Grow shrugged it off and continued playing. It wasn't until that evening when he took a closer look that he realized how badly he was injured. The cut required several stitches but did not damage their friendship.
"That was a pretty good one," Grow now said with a laugh.
The friends expected to split up when they went to college, but fate kept them together again.
Eddelman was almost sure he would attend Indiana University, and Grow had visited DePauw University in Greencastle but was still undecided.
Neither was seriously considering Wabash College in Crawfordsville, with an enrollment of about 900 students. Both, however, were invited to attend an academic weekend and apply for the university's prestigious Lilly Scholarship and decided to check it out.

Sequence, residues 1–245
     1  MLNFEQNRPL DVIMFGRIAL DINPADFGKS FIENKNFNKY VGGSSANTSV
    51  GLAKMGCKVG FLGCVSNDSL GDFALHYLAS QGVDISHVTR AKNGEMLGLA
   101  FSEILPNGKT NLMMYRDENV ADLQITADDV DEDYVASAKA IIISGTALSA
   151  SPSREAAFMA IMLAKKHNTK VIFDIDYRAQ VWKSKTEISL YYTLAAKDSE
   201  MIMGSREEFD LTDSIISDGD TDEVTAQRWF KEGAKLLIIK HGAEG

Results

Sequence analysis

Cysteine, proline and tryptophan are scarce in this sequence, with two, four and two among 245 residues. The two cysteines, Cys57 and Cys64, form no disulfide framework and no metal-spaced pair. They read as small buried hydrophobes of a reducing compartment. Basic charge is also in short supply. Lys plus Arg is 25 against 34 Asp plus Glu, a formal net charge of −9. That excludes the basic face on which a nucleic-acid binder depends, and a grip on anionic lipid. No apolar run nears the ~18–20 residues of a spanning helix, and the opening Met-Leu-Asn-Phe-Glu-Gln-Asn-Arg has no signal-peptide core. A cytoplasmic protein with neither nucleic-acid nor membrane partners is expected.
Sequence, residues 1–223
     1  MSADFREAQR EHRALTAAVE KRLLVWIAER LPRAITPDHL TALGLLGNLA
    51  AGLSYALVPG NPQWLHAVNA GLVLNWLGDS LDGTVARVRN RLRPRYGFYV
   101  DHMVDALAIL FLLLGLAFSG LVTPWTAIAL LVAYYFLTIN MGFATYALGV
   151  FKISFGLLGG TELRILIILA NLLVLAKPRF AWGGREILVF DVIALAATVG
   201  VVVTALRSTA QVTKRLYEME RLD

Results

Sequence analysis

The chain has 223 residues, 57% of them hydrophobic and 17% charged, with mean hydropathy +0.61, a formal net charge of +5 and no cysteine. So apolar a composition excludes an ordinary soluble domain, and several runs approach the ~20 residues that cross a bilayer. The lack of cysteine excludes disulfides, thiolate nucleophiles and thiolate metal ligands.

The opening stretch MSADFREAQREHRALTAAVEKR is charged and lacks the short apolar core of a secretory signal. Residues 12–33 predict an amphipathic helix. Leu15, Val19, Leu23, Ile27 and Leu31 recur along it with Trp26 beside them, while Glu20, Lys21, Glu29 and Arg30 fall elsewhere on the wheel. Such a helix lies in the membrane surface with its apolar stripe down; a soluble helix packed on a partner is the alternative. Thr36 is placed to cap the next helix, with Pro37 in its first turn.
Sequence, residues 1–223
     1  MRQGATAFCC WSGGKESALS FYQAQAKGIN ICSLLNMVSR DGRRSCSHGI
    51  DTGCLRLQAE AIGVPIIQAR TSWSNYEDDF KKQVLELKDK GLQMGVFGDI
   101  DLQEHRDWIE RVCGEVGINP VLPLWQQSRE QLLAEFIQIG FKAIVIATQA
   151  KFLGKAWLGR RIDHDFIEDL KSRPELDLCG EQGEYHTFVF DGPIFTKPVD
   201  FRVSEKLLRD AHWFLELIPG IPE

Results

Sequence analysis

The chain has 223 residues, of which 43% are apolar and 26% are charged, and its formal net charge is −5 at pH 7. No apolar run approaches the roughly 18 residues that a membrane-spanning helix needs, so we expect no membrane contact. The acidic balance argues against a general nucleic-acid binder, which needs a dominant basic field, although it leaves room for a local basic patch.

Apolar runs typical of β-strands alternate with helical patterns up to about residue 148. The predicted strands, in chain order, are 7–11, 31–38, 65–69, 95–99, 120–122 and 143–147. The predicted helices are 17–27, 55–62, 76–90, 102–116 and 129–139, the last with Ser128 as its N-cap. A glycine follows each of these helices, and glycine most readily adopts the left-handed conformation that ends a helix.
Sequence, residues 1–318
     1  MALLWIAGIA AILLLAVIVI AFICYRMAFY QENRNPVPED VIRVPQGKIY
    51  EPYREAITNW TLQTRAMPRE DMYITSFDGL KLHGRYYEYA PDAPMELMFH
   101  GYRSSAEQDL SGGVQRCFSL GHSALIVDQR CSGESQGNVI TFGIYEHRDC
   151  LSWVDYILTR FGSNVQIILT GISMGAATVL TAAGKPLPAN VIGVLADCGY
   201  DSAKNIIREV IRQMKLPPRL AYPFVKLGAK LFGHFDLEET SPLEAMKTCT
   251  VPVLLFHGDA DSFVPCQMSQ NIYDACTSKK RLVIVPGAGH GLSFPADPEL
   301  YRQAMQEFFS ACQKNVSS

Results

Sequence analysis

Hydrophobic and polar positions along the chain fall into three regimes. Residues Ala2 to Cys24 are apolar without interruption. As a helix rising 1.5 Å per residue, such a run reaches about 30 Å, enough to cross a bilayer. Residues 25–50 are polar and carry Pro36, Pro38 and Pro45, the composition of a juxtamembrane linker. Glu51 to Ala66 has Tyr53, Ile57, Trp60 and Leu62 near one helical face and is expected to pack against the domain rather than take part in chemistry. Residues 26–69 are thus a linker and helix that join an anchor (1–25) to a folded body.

The university awards only a few of the scholarships each year, and there were 30 finalists. So the competition was stiff.
"We thought maybe one of us, but with us being from the same school and background, we didn't expect them to take both of us," Eddelman said.
A few weeks later, however, both were offered the full-ride scholarship, which they called a life-changing experience. Each was pretty sure he wanted to become a doctor by this time, and the scholarship allowed them to put some money aside for medical school.
In their second year of college, they took positions as nurse's aides at Columbus Regional Hospital. They worked in the emergency room all summer, which solidified their decision to become surgeons.